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English Church Architecture.


LOWER GRAVENHURST, St. Mary  (TL 111 353),


(Bedrock:  Lower Cretaceous, Gault.)


A church situated close to the outcrop of the Lower Greensand,

Woburn Sands Formation, built of very rusty ironstone.




Before the advent of the canals and (especially) the railways, the transport of heavy goods overland frequently cost more than the goods did themselves.  Builders, therefore, used vernacular materials whenever possible, preferably sourced within a mile or two of the site.  Mediaeval stone buildings consequently reflect the underlying geology and churches in particular provide an approximate geological map of Britain, which is naturally most faithful in areas of less complexity.   This general principle is revealed to good effect along the Lower Greensand ridge which rises along the western edge of the Lower Cretaceous outcrop of south and east England, which is itself very narrow in the southeast/northwest direction, yet extensive and continuous from northeast to southwest, as seen below.   Moreover, the rubble building stones to which the Lower Greensand gives rise, which are generally known as carstone (chiefly in Norfolk) or  ironstone,  are a very distinctive, liquorice-brown colour, which is difficult to miss.  Drivers heading northwest from East Anglia to the Midlands along one of the quieter roads that passes through intermediate villages, will suddenly notice one or two village churches (probably no more) that show they are crossing this outcrop, while someone with a will to do so, might set out from Hunstanton on the north Norfolk coast and, except across the Fens, pick his or her way southwest, at least as far as Leighton Buzzrd on the southern border of Bedfordshire, and encounter one such church after another.  The churches named on the map below, all of which are represented on this web-site, serve to illustrate this.





The Lower Cretaceous Rocks of Eastern England, laid down 146-97 Ma.


1 = Heacham (Norfolk);  2 = Castle Rising (Norfolk);  3 = Wilburton (Cambridgeshire);    4 = Cottenham (Cambridgeshire);  
5 = Great Gransden (Cambridgeshire);  6 = Bourn (Cambridgeshire);   7 = Gamlingay (Cambridgeshire); 
8 = Everton (CENTRAL Bedfordshire);  9 = Blunham (CENTRAL Bedfordshire);   10 = Eyeworth (CENTRAL Bedfordshire);  
11 = Biggleswade (CENTRAL Bedfordshire);  12 = Edworth (Bedfordshire); 


St. Mary's, Lower Gravenhurst, is a pleasant little building, now in the care of the Redundant Churches Fund, and there is enough to see here to justify going to fetch the key.  The building consists of a fairly bulky W. tower with substantial octagonal stair turret at the southeast angle, and a nave and a chancel built as a single unit.  It is constructed of roughly coursed ironstone and situated about a mile and a half from the lower greensand outcrop, on boulder clay above gault.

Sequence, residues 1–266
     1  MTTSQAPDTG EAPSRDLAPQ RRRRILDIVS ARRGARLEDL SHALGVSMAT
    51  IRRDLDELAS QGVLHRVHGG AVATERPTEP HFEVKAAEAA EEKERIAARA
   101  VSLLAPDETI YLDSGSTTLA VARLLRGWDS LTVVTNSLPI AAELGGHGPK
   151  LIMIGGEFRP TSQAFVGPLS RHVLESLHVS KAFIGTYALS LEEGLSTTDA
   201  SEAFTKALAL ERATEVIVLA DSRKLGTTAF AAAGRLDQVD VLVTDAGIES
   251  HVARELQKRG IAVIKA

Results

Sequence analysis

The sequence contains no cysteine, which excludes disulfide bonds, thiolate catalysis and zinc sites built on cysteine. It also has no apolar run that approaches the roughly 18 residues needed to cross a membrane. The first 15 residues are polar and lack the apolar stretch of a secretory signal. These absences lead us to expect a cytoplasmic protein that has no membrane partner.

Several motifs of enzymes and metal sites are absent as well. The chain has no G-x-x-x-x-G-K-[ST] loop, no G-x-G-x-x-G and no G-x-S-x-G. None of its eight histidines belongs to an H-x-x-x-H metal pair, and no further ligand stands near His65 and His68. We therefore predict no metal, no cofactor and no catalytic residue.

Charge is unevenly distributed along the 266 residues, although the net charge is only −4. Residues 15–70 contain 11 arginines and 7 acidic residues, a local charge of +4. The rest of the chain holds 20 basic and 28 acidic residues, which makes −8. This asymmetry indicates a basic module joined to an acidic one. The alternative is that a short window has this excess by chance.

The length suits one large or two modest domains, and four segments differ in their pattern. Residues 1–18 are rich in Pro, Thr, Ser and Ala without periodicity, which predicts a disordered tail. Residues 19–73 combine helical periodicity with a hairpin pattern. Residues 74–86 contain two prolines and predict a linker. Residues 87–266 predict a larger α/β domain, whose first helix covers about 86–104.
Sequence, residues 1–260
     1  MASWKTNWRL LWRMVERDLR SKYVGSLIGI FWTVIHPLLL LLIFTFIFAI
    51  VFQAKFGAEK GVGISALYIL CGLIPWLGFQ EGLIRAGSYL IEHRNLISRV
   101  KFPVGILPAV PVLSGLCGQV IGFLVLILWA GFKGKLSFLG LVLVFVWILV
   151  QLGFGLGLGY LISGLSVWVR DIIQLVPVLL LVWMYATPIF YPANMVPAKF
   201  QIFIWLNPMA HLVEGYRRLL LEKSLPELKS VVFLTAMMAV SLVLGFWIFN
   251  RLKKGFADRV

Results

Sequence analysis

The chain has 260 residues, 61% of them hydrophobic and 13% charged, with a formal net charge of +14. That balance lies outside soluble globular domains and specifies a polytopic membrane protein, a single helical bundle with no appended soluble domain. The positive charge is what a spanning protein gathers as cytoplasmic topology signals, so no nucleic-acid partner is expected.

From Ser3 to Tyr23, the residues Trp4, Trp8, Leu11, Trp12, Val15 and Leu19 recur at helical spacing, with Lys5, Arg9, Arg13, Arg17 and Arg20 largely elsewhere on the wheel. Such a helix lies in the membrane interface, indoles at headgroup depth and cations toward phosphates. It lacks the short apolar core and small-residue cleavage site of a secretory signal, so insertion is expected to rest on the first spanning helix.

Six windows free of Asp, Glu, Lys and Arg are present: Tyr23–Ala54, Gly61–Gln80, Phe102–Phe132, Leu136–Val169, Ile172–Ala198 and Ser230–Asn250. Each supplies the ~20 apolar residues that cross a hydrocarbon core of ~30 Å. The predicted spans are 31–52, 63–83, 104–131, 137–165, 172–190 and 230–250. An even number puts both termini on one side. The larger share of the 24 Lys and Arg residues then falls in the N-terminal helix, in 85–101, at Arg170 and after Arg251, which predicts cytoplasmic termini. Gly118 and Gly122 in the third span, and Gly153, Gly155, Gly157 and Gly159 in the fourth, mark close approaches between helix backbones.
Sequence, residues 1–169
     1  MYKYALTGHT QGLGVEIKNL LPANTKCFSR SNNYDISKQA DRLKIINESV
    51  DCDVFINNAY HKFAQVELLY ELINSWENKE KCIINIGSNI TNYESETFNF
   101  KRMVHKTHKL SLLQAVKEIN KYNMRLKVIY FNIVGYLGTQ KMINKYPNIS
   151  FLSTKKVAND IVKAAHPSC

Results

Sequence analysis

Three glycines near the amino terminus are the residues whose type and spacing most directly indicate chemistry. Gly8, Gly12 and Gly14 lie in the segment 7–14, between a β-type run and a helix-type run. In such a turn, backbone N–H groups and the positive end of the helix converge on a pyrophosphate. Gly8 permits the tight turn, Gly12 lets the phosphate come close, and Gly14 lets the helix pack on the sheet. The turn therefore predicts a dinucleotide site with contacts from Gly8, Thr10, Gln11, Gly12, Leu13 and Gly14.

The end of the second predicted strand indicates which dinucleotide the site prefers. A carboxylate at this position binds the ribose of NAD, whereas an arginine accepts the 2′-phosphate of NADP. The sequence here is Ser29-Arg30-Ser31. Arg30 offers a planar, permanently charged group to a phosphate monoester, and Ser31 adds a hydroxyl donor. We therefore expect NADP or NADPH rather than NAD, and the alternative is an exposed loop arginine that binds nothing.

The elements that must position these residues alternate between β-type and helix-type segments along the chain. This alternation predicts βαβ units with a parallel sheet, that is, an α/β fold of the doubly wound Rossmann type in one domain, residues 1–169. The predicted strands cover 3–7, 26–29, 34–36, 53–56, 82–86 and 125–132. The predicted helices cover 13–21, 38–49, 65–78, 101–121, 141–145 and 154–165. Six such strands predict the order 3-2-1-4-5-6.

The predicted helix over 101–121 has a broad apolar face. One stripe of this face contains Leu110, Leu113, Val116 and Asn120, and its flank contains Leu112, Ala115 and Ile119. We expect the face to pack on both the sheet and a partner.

Externally the building may be quickly described.  The tower is Perpendicular and has a simple three-light W. window and two-light bell-openings.  The north and south doorways to the nave are Perpendicular (of which the former is blocked) and so is the chancel E. window, but the three windows with cusped Y-tracery (two to the north and one to the south) and the two-light S. window with a form of curvilinear tracery, are clearly Decorated, even though the cinquefoil- (as opposed to trefoil-) cusping, suggests the date is late within the period.


In fact, though, deductions of this kind are unnecessary for once, for, most unusually, inside the building in the chancel S. wall is an original inscription in Old French (shown at the bottom of the page), declaring that St. Mary's was built at the expense of Robert de Bilhemore, who is known to have died c. 1361.  His church, which replaced an earlier one on the same site, may have been begun shortly after 1320 but was still unfinished at his death.  The tower is an addition of  c. 1400 and not part of the original plan.


The chancel is separated from the nave internally by a screen composed of seven trefoil-cusped sections that the Redundant Churches Fund believes to date from the fifteenth century.  It considers the benches to be contemporary, apart from the two northeastern ones which were added in 1901 to the designs of the recently deceased Sir Arthur Blomfield (1829-99).  The octagonal pulpit is Jacobean and retains its nicely carved tester (illustrated right).  The hourglass stand that was presumably once part of it (hourglasses were used to time sermons) has long since been attached to the rood screen. The roof is of king-post construction and largely original.


Finally, two other items to notice are:  (i) in the chancel S. wall, a two-bay sedilia and a small ogee-headed piscina; and (ii), opposite in the N. wall, a monument to Benjamin Pigott (d. 1606) and his three wives.